In an academic context, no studies have yet investigated this phenomenon in Saudi Arabia. A review of previous research has revealed some results that indicate a need for further investigation. Norum and Cuno [5] argued that the quantitative designs of such studies did not allow further insights into determinants that the researcher was hitherto unaware of or into underlying mechanisms which could explain consumers’ intentions to purchase counterfeits. Furthermore, studies on the subject have been based on North American or South Asian consumers. Albarq [6] argued that the outcomes of such research could also be influenced by the culture. It is clear that great care must be taken when extending the findings from studies conducted in developed countries such as the United States to countries such as Saudi Arabia. Thus, the aim of this paper is to investigate the key antecedents of Saudi consumer attitudes toward counterfeit products, which can help companies to understand the main factors that influence consumer behavior toward counterfeits and to create effective anti-piracy strategies.

In studies of counterfeit products buying criteria, Figure 1 showed that top categories of detained articles were medicines, which accounted for 24% of the overall amount; this was followed by packaging materials (21%), cigarettes (18%), clothing (4%), accessories for mobile phones and labels, tags and stickers ( [7] , p. 3). According to the Report on EU customs enforcement of intellectual property rights page 3, the total value of detained goods infringing on intellectual property rights (IPR) in 2011 was over 1.2 billion Euros of domestic retail value [7] . On the contrary, China, which is the world’s biggest producer of fake goods, is going in the opposite direction. China produces 70.93% of all counterfeit goods detained in Europe by value, but the counterfeit goods also come, on a minor scale, from European countries such as Germany (2.45%) and Greece (2.12%).

Figure 1. Top categories by articles.

2. Relevant Literature, Theory and Hypotheses

2.1. Consumer Attitude toward Counterfeits

Attitude represents a positive or negative feeling toward something; in other words, the amount of affect [8] . Based on Ajzen and Fishbein, attitude toward behavior has defined “represents the person’s general feeling of favorableness or un-favorableness for the behavior in question” [8] . Ajzen and Fishbein further explained that attitude towards behavior is the estimation of positive or negative self-evaluation regarding a certain behavior. This construct depends on whether behavior is esteemed positively or negatively. Attitude is “determined by a total set of accessible behavioral beliefs linking behavior to various outcomes and other attributes” [8] . In the present study, a consumer’s evaluation of counterfeits is an important predictor of that individual’s intention to buy a counterfeit product, as well as how much agreement he or she will receive from his or her reference group regarding this behavior. In this way, the focus of the investigation becomes the factors that influence consumer evaluation of a counterfeit. Based on the literature review, the main predictors are presented below.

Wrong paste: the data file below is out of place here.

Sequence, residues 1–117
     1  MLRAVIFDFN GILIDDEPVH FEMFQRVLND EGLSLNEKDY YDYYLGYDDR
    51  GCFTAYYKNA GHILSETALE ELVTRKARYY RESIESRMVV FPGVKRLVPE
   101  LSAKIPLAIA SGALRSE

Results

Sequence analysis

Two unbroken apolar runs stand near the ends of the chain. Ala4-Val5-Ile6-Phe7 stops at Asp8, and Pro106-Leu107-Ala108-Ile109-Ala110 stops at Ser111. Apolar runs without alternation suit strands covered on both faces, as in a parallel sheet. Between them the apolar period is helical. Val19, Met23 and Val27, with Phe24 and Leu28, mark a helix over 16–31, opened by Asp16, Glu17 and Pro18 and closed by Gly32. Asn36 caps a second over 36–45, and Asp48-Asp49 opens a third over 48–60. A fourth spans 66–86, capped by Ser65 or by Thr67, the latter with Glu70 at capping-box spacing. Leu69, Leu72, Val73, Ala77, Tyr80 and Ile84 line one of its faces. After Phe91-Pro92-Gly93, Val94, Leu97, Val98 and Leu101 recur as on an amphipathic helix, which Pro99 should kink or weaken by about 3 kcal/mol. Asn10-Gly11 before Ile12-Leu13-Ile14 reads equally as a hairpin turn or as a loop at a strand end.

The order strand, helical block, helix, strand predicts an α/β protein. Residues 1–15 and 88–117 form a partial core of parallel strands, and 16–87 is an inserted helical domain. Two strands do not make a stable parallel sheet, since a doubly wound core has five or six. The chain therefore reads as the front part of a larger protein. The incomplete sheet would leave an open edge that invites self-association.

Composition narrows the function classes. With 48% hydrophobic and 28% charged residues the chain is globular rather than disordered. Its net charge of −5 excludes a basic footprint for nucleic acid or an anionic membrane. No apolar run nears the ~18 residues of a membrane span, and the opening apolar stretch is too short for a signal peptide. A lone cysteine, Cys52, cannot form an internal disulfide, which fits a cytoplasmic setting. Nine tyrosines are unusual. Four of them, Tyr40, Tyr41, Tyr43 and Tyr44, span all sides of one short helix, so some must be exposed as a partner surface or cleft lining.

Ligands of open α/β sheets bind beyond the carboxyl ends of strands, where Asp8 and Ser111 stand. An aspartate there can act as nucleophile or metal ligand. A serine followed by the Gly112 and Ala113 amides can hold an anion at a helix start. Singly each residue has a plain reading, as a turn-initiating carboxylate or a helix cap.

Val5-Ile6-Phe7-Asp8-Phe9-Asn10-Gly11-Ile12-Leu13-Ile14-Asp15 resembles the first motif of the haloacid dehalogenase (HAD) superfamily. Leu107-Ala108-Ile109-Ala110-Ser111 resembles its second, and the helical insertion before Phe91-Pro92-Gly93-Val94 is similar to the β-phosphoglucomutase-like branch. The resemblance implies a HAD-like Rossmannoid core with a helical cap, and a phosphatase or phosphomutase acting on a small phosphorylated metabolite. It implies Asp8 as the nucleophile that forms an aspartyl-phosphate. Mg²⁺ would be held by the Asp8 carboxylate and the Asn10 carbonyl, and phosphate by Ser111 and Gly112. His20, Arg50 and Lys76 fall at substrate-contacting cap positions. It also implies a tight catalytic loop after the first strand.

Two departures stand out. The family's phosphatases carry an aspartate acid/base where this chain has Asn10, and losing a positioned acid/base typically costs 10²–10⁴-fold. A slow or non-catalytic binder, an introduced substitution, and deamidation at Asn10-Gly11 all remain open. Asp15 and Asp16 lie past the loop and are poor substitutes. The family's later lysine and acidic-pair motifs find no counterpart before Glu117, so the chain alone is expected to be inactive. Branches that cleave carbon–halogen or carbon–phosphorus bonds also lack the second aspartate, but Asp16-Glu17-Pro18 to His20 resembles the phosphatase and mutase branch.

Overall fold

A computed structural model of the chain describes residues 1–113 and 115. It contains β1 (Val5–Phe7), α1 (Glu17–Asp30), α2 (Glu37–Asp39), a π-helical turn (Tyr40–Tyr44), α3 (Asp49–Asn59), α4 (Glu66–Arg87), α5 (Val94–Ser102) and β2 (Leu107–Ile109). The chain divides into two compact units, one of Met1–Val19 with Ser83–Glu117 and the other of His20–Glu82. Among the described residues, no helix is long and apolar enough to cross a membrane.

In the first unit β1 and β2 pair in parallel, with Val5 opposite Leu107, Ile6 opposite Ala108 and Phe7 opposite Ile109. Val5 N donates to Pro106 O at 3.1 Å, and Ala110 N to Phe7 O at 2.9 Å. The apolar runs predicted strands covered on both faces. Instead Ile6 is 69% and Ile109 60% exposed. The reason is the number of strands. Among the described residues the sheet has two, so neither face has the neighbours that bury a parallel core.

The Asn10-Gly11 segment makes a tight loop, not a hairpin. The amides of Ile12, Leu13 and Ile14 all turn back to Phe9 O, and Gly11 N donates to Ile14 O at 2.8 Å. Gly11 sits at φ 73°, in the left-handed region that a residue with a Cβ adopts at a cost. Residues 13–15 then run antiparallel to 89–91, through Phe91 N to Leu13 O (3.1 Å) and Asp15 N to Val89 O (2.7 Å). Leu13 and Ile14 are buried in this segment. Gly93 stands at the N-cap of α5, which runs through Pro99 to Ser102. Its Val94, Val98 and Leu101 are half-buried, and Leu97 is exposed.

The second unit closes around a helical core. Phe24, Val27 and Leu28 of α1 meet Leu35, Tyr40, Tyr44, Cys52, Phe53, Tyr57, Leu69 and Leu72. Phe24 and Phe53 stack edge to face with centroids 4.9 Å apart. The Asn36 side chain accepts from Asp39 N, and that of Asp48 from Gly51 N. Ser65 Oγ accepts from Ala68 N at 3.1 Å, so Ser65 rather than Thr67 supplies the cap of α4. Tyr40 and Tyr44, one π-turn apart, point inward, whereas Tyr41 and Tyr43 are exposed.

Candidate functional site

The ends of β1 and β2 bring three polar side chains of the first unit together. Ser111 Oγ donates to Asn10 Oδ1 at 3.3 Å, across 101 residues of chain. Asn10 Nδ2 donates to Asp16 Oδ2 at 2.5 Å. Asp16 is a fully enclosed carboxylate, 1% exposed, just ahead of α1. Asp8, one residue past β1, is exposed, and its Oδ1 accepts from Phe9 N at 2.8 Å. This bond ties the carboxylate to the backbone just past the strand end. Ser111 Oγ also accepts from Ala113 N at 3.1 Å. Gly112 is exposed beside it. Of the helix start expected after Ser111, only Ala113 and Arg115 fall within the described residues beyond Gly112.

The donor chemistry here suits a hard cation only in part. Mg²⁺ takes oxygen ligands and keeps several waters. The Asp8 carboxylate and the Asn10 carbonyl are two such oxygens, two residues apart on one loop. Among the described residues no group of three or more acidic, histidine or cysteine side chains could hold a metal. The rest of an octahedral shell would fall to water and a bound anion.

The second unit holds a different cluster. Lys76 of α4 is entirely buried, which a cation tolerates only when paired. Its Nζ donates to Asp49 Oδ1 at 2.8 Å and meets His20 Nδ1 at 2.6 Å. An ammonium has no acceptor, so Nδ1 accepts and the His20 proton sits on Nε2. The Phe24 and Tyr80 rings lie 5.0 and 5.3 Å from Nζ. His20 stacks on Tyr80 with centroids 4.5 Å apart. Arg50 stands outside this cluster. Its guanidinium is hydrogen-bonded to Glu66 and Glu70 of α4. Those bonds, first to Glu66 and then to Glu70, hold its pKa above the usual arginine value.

2.1.1. Price Quality Inference

The two main differences between a counterfeit and an original product, as perceived by a consumer, are lower prices and the lack of quality guarantees. Price and risk constructs are likely to be important factors regarding a consumer’s attitude toward counterfeit products [9] . Studies such as Cespedes et al. and Cordell et al. showed price difference to be an important variable when choosing a counterfeit [10] [11] . Consumers commonly believe that price level implies quality and is an important factor in consumer behavior [12] . In this sense, the tendency of consumers to believe that “high (low) price means high (low) quality” becomes even more important when little information is available regarding the product’s quality or the consumer is unable to determine the product’s quality [13] . As Huang et al. [14] also argued, the fact that counterfeits are usually sold at lower prices suggests that the greater the price-quality relationship for the consumer, the lower that consumer’s perception will be of the quality of the counterfeit product. Thus the following hypotheses can be proposed:

H1: A consumer who more strongly believes in the price-quality inference will have a more negative attitude toward counterfeit products.

2.1.2. Risk Aversion and Perceived Risk in Counterfeits Purchasing